In 2006 I went with my mother to Romania to see where my roots were. In other words, where she ran away from after the Second World War. We went to the tiny remote village where she was born. It was a deserted village in northern part of the country and we looked for the house she used to live in. Today, obviously Romanians inhabit it since they are almost no Jews left in the area. We didn’t find the house, so we knocked on the door of a neighboring house. Someone opened and asked what we wanted? We explained and they were very unfriendly. Then I suddenly realized, this is an identical story to the one that happened in my childhood, with the original residents of the house I grew up in.”

I believe that Roni’s story is the bridge we must all walk on to make peace with each other and stop the madness. It’s hard to hear someone else’s story when you are suffering. “I want to talk about my story as my story is more painful than yours”. The Palestinians and Israelis are similar! Both have stories of hardships and oppression. Both are fighting for “who’s story is more painful”. I believe that both have suffered. Now its compassion time: let’s sit down and listen to each other’s stories for the sake of the next generation.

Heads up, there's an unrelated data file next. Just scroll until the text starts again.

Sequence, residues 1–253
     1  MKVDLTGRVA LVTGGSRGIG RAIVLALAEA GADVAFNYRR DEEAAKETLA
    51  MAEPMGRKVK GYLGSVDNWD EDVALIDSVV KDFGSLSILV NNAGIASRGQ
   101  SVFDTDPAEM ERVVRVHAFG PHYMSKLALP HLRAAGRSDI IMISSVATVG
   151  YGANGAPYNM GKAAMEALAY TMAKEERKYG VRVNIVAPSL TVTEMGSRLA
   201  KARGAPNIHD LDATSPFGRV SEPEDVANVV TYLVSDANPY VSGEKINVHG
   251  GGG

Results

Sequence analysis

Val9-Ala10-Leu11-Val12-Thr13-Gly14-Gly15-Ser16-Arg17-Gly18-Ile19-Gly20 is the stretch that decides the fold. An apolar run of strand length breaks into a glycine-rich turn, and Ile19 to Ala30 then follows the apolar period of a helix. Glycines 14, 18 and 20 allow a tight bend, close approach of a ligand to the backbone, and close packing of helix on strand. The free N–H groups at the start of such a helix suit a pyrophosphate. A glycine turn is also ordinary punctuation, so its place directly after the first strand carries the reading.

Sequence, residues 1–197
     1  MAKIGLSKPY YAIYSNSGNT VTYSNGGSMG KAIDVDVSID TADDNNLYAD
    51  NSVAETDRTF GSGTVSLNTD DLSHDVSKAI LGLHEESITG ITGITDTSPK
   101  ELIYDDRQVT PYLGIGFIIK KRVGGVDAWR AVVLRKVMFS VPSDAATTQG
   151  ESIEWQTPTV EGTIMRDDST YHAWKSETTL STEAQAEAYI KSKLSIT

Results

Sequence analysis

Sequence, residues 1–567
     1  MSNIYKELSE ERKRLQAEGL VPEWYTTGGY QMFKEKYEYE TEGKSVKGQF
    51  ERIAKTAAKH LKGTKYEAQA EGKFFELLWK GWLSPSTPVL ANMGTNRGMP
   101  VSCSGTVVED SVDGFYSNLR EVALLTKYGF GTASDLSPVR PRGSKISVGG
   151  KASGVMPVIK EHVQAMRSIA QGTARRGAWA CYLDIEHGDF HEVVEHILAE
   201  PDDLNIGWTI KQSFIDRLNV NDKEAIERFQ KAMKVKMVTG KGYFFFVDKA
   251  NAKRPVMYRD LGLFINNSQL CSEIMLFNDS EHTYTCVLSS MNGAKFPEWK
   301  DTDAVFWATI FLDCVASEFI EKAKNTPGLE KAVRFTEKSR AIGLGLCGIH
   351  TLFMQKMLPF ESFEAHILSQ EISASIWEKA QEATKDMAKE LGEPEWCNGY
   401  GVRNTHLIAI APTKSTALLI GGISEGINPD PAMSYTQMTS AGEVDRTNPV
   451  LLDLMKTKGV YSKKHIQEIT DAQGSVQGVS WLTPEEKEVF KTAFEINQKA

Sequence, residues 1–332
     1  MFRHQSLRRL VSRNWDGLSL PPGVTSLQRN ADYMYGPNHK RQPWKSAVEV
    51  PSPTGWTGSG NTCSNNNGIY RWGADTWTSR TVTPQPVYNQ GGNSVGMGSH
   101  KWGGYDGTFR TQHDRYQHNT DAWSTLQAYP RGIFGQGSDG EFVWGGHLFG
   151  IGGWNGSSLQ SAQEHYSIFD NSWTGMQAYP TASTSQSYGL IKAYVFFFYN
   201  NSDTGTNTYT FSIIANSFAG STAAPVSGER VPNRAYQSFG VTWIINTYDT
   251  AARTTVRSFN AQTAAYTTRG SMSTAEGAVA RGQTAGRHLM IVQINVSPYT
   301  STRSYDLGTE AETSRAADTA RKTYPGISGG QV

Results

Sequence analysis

Roni: “It took me a while until I was able to tell this story. It took me time until I was able to explain to myself what was happening here. I am sure in the justice of our way, I know that I belong to minority [combatants for Peace] here in Israel, but we are determined. You cannot rule another nation for a long period of time and there is no way to lead a humanitarian occupation. There is no way to be evil to others with out letting this evil penetrate into our lives.
I feel that we are the true bearers of the spirit of Judaism, which means that one needs to acknowledge the right of another even if they aren’t Jewish…Assessments of different struggles in the world always show that it ends in negotiation and some compromise.